In London, Food Arrives on Cycles at Doorsteps

A Deliveroo rider whether on a normal cycle or motorcycle earns roughly £30 for a three-hour shift.

Published: 02nd April 2016 10:00 PM  |   Last Updated: 02nd April 2016 10:48 AM   |  A+A-

In London, Food

A young cyclist on his way to deliver food

Like they say “variety is the spice of life”, new concepts and technological advances keep us persistently getting goose bumps. Uber taxi operations have been a genuine surprise and enormously beneficial to people all over the world. Friendly drivers, clean cars, instantaneous service and sensible fares make Uber a clear winner and popular with the young people. As a result, London’s famous black cabs confront a much-deserved knock on effect for they were ridiculously expensive and royally arrogant.

Who wouldn’t enjoy a cycle ride around London? On my little Brompton, I cherish short trips cutting past long lines of traffic, racing to reach green lights, and feeling the cold breeze on my face as I wipe away my wet eyes. Nonetheless cycling for a living may not be a great fun in extreme weather conditions, but there comes a group of young cyclists with kangaroo trademarked back packs, rising away through the crowded streets of London. They are a food delivery brand called Deliveroo, just like Uber cabs.

In London.jpgFast food expert Mark Mcglynn says, “Easy assembled meals are popular today as the industry is fast geared up to modern food habits of people.” So takeaway meals are gaining a new facelift. In the past, takeaway restaurants had less importance compared to proper restaurants. Even government licensing agencies categorise them as eateries without the need for skilled chefs. As sponsors for employing overseas professionals, they instruct traders not to do takeaway food and they assume you don’t need an expert to make those meals.

In 2013, Will Shu set up this online food delivery business with just three restaurants. Since then he has expanded across 35 cities in the UK and to 25 other countries. In London alone, there are 1,500 cyclists at work and the number grows each day. They claim 25 per cent business growth every month and Deliveroo managed to raise around £100 million to develop worldwide. Grinning with excitement Shu says, “People are fundamentally lazy and given the opportunity to be lazier, they will be.”

A Deliveroo rider whether on a normal cycle or motorcycle earns roughly £30 for a three-hour shift at a relaxed and flexible job atmosphere. The company’s formula is simple: offer customers easy access to top-end restaurants and sign up a convoy of passionate young guys to deliver their meals at home or office desk. Though there are few completions for Deliveroo, Shu thinks they are one step ahead in terms of their strong ties with restaurants and services to customers.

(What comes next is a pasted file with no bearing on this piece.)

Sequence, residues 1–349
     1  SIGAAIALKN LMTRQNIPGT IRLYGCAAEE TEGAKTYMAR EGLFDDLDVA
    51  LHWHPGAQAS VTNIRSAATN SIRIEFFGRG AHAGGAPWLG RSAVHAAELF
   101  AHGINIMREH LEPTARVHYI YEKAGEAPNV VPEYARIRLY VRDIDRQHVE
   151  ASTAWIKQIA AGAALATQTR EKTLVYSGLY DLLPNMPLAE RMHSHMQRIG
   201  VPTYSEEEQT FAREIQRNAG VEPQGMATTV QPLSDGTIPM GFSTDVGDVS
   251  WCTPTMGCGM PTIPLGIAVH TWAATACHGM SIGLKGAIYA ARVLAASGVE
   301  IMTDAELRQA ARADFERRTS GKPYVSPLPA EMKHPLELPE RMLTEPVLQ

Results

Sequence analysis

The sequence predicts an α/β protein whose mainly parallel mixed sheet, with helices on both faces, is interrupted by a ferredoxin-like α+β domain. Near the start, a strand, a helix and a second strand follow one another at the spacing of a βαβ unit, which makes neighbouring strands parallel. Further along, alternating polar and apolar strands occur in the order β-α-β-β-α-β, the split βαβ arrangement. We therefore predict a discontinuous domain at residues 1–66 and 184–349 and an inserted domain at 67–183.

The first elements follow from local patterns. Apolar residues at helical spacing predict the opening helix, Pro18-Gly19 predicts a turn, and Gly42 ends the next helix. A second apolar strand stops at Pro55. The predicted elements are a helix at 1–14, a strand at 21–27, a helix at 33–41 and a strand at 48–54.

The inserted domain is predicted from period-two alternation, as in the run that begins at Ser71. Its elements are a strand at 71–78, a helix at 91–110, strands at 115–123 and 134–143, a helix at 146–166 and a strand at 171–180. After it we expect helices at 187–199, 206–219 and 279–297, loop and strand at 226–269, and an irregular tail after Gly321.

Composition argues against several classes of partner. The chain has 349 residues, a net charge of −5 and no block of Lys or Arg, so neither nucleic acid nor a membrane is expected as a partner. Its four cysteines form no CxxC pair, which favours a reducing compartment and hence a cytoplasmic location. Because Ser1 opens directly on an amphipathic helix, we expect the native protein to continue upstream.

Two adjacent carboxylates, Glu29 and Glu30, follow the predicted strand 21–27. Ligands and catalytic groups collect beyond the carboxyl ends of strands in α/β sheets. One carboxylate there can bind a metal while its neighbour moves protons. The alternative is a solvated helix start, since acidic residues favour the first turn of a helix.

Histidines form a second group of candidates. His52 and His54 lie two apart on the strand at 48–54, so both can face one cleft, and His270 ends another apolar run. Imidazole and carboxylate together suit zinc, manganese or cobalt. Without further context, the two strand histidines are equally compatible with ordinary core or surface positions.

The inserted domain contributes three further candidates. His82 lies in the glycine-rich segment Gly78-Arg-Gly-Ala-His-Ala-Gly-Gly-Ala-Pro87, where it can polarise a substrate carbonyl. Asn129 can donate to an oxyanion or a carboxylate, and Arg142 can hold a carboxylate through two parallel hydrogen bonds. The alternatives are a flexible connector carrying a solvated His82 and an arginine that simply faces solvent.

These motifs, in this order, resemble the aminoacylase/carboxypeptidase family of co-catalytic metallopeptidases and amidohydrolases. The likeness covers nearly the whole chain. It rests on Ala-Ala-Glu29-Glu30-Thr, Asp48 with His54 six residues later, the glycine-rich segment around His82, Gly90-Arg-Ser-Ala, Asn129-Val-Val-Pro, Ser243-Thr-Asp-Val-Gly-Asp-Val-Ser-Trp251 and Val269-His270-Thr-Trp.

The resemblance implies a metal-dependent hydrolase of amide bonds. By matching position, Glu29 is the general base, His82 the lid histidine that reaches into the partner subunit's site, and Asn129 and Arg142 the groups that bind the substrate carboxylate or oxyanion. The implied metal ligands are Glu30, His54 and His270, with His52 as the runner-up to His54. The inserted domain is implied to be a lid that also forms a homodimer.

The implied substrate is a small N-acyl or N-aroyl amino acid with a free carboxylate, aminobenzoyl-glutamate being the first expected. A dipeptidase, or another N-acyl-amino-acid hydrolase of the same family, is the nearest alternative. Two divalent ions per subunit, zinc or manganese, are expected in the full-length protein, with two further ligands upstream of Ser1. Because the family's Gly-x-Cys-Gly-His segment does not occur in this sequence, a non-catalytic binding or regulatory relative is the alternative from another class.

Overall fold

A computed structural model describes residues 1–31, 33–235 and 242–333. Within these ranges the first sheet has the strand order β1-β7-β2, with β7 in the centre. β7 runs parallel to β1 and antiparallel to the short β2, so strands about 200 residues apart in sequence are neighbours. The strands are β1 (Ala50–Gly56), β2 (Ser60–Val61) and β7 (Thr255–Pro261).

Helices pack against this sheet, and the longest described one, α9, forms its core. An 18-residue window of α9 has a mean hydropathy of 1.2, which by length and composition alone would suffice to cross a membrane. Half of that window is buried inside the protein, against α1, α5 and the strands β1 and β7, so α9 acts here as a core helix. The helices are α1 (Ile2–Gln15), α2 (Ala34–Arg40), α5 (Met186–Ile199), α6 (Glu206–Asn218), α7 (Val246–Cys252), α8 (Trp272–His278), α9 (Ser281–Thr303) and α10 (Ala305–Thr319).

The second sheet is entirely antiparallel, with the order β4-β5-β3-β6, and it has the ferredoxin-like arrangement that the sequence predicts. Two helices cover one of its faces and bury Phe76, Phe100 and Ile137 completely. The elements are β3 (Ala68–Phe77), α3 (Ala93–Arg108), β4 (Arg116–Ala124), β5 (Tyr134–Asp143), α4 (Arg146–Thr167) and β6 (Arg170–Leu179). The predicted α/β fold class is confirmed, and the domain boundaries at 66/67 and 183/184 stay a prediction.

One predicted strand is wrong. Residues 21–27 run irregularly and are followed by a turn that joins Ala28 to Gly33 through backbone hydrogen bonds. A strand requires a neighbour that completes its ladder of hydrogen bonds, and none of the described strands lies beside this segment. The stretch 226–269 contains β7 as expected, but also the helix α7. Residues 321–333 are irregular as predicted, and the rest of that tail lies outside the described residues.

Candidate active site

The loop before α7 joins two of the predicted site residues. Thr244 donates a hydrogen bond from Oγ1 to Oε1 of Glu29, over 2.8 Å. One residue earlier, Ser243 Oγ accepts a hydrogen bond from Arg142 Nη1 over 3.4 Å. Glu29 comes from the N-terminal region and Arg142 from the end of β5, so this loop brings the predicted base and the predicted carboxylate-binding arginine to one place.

There was a time when pizza, Chinese and Indian restaurants existed in places like Stoke Newington and survived just doing home deliveries. They offered enormous discounts to customers and perhaps quality never mattered for takeaway food. A group of part-time drivers used to hang around waiting for phone calls to pick up orders from restaurants and made extra cash in the evenings. Popular eating places used to turn down requests to deliver, since it didn’t look good on their reputation as quality restaurants. But today the situation is different as Deliveroo takes initiative to include the best in their list of restaurants and their brilliant popularity is convincing everyone.

Companies like Deliveroo have brought a new vigour and excitement in this business. It’s wonderful to see a fleet of kangaroo bikes spearheading evening traffic and carrying dinners to people from their favourite restaurants. Signing with Deliveroo, restaurants have smaller risks and less overhead on takeaway business, in effect they outsource to Deliveroo for a percentage of the order value.

As the pedal power of Deliveroo keeps feeding thousands, Shu says: “We want to change the way people think about their choice of meals and we will get it wherever they want us to deliver.”

The author is a London-based restaurateur who owns the Rasa chain of restaurants


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